At any rate, there’s something about crossing a border, no matter how long the border has been in place, that promises mind-expansion. Under this assumption, a well-used passport is a kind of moral good. At least Matt Damon believes so. “I think many of our problems as a country would be solved if people had thick passports,” he said. “There’s just no substitute for actually going and seeing things.” I often wonder whether Mr Damon literally meant thick passports, as if we should all simply order the ones with the extra 24 pages to ensure another decade of stable democracy. In this case, maybe I’d need to factor my increased passport size into my position about my own status as a good person.
More likely, I think he meant it metaphorically: that one’s passport should, ideally, be filled to the brim with stamps and visas. And Matt Damon really ought to know. His character, Jason Bourne, maintained well-used passports issued from a handful of world governments. How cosmopolitan he was. And what is fascinating about those passports, beyond the plot-facilitating ease with which he was able to slip from country to country, is how on each of those passports, one seems to catch a glimpse of a different Bourne.
At any rate, as much as I’d love to believe Damon’s claim about thick passports, I’m skeptical. After combing through a lot of literature on the topic, I think we dramatically over-estimate the extent to which travel abroad has the power to change minds. In many cases, it’s just as likely to reinforce prejudices than to bust through them. Either way, it’s more complicated than we often make it out to be.
Yet, all of this considered, there is an aspect of the passport for which I feel greatest fondness. This is the way one flips idly through one’s passport when waiting in line at border control. It is one of my favorite rituals of modern life.
On first blush, it might seem like this is just what we do in the absence of more engaging activities. The passport is already in our hands. We mindlessly flip through it to pass the time. But I believe there’s more to it than that. There’s something about the content of the document that draws one in. The intrigue of the visa pages is how haphazardly their contents are organized. Each visa stamp is a unique shape and color. It receives a distinctive scribble of numbers or a date or signature from the border officer. Unless the only border officers you’ve encountered are Swiss, the stamps are arranged with a certain carelessness. It is as if the officer doesn’t realize that they’re inscribing a permanent mark directly onto your identity. And like the photo, these visa stamps are a catalogue of your experiences as bureaucracy views them, not as you would like to see them yourself. The result is not picturesque. It is not carefully curated.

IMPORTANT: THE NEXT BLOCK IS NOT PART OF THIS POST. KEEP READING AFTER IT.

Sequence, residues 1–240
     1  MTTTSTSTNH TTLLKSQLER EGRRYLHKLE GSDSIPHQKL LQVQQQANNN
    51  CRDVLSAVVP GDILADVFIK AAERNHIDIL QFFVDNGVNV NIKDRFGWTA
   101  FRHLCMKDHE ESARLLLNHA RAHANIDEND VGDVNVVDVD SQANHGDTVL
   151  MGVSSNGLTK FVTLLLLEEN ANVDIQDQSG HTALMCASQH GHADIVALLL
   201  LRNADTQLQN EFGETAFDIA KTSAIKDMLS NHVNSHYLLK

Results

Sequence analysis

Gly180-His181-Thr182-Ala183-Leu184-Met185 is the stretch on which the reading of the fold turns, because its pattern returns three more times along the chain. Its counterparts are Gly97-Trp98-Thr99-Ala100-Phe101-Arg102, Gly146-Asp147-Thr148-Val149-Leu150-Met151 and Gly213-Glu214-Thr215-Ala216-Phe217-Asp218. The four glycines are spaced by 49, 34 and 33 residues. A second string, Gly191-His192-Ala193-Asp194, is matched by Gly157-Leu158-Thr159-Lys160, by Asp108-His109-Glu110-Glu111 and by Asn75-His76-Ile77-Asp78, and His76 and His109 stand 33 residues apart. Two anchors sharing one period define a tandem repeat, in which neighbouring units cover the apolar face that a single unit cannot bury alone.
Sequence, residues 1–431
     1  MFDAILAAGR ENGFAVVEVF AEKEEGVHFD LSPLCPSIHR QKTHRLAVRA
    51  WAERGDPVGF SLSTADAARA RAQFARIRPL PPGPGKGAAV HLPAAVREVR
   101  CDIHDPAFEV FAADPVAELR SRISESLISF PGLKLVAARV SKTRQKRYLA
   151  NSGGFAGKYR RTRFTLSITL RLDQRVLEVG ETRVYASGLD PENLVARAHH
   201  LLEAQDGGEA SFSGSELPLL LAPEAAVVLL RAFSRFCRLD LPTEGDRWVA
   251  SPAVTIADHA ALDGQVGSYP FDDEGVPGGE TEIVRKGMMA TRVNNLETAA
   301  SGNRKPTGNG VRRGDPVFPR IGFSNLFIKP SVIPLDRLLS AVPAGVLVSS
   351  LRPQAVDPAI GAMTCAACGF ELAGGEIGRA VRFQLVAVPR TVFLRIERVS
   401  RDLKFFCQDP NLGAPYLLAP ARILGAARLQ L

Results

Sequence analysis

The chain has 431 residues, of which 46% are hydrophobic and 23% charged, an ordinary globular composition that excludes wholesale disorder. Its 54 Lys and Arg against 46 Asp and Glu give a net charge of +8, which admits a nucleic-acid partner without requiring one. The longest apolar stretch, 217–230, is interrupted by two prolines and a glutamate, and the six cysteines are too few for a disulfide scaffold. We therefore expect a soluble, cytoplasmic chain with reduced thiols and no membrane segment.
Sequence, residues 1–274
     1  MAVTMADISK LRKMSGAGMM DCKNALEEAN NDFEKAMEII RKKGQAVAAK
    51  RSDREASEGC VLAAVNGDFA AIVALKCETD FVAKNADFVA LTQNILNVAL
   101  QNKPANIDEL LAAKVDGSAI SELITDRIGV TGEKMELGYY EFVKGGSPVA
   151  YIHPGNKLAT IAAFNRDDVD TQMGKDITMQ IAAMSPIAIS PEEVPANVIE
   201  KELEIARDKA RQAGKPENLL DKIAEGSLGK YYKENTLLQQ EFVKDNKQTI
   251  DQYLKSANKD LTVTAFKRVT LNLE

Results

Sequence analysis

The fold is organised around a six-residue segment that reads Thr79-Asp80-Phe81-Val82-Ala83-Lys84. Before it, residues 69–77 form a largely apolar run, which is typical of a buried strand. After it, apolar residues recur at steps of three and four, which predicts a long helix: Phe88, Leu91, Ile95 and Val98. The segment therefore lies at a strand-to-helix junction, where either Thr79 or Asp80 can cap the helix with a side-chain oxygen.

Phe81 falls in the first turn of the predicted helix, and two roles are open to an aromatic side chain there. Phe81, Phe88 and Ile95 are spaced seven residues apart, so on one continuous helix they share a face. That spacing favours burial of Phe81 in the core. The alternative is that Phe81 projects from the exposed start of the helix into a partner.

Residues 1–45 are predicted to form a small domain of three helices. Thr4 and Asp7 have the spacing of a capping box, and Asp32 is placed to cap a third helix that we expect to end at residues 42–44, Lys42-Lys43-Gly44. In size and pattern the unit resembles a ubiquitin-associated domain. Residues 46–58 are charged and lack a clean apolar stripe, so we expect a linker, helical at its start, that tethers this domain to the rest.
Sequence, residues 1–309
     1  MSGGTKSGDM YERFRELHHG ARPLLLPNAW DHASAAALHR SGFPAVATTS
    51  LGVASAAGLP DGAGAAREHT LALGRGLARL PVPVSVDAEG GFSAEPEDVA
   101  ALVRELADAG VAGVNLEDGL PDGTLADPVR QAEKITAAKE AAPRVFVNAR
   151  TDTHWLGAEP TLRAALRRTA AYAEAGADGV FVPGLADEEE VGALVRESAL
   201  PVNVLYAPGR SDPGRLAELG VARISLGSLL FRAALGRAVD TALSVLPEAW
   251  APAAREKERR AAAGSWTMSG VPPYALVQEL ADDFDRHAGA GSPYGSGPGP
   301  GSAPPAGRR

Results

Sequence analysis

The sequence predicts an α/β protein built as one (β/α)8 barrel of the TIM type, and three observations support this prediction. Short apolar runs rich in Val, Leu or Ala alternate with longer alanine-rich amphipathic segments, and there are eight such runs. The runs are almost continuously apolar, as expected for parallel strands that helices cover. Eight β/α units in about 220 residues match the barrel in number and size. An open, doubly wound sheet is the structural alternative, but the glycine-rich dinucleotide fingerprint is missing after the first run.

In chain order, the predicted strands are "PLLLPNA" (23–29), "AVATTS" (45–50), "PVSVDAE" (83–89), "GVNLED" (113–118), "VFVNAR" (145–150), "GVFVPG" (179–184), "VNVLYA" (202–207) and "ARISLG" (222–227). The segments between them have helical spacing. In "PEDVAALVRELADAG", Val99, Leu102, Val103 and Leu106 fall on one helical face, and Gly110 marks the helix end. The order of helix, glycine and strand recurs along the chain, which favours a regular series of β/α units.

The contents of these pages don’t change much. At least not very quickly. And there’s little pertinent information to be gleaned from scrutinizing their details. But there’s also something reassuring about the act. Like admiring one’s wedding ring, as a tangible symbol standing for the meaningful, but intangible, relationship itself. It’s government certified evidence that you’ve been out there and done something. This is where the beauty of the visa stamp comes from. The customs officer who made it is dispassionate. They have no personal stake in whether you get across the border. They have no vested interest in your further attainments of cosmopolitanism. They could really give a fuck whether you see Turkey, or the Philippines, or Mozambique. And it is the disinterestedness of this individual that lends objective credibility to your experience. You can’t overstate the magnificence of your journey in your passport, the way you can on Instagram. You can only get the guy to confirm: “Yup, he was here. I let him through.”
Underlying this impersonal account of your experiences abroad, of the places you’ve visited as a foreigner, is a treatise of sorts on the ideals of the place you’re from. In a way, the imagery and quotations on the pages of a United States passport give a summary of what modern America is, or at least how it views itself and what it purports to be. The Declaration of Independence was penned in 1776. It was a document of aspirations. How have those aspirations—those sentiments of what America ought to represent—changed in the meantime? I challenge you to find a more concise presentation of that vision than the the passport.
So what has changed? According to the passport, not much. Our aspirations today, if this document is to be believed, are identical to what they were back then. Every quote is a variation on the theme of boundless liberty and freedom. Every image is one of movement (a rail engine traversing a plain, a great masted ship leaving a harbor) or one of taming the land (a farmer at the plow, a cowhand commanding a herd). The other images are drawn from the iconology of freedom: the liberty bell, the statue of liberty.